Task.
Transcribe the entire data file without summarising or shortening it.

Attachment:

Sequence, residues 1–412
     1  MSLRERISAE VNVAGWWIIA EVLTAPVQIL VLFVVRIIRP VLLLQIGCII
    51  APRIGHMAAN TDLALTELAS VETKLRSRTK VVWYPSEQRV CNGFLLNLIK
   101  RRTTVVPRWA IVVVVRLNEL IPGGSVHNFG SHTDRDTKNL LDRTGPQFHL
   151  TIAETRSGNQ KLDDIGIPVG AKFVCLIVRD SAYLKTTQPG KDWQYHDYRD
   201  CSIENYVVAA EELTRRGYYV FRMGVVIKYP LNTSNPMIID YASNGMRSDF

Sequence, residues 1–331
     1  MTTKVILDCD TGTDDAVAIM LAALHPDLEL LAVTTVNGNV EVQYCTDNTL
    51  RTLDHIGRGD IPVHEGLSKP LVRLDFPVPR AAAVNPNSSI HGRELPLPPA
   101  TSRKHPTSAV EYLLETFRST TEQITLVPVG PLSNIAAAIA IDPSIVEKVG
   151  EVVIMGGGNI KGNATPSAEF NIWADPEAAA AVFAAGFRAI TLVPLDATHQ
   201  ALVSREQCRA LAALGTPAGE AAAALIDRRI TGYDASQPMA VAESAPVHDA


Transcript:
Sequence, residues 1–412
     1  MSLRERISAE VNVAGWWIIA EVLTAPVQIL VLFVVRIIRP VLLLQIGCII
    51  APRIGHMAAN TDLALTELAS VETKLRSRTK VVWYPSEQRV CNGFLLNLIK
   101  RRTTVVPRWA IVVVVRLNEL IPGGSVHNFG SHTDRDTKNL LDRTGPQFHL
   151  TIAETRSGNQ KLDDIGIPVG AKFVCLIVRD SAYLKTTQPG KDWQYHDYRD
   201  CSIENYVVAA EELTRRGYYV FRMGVVIKYP LNTSNPMIID YASNGMRSDF

Sequence, residues 1–331
     1  MTTKVILDCD TGTDDAVAIM LAALHPDLEL LAVTTVNGNV EVQYCTDNTL
    51  RTLDHIGRGD IPVHEGLSKP LVRLDFPVPR AAAVNPNSSI HGRELPLPPA
   101  TSRKHPTSAV EYLLETFRST TEQITLVPVG PLSNIAAAIA IDPSIVEKVG
   151  EVVIMGGGNI KGNATPSAEF NIWADPEAAA AVFAAGFRAI TLVPLDATHQ
   201  ALVSREQCRA LAALGTPAGE AAAALIDRRI TGYDASQPMA VAESAPVHDA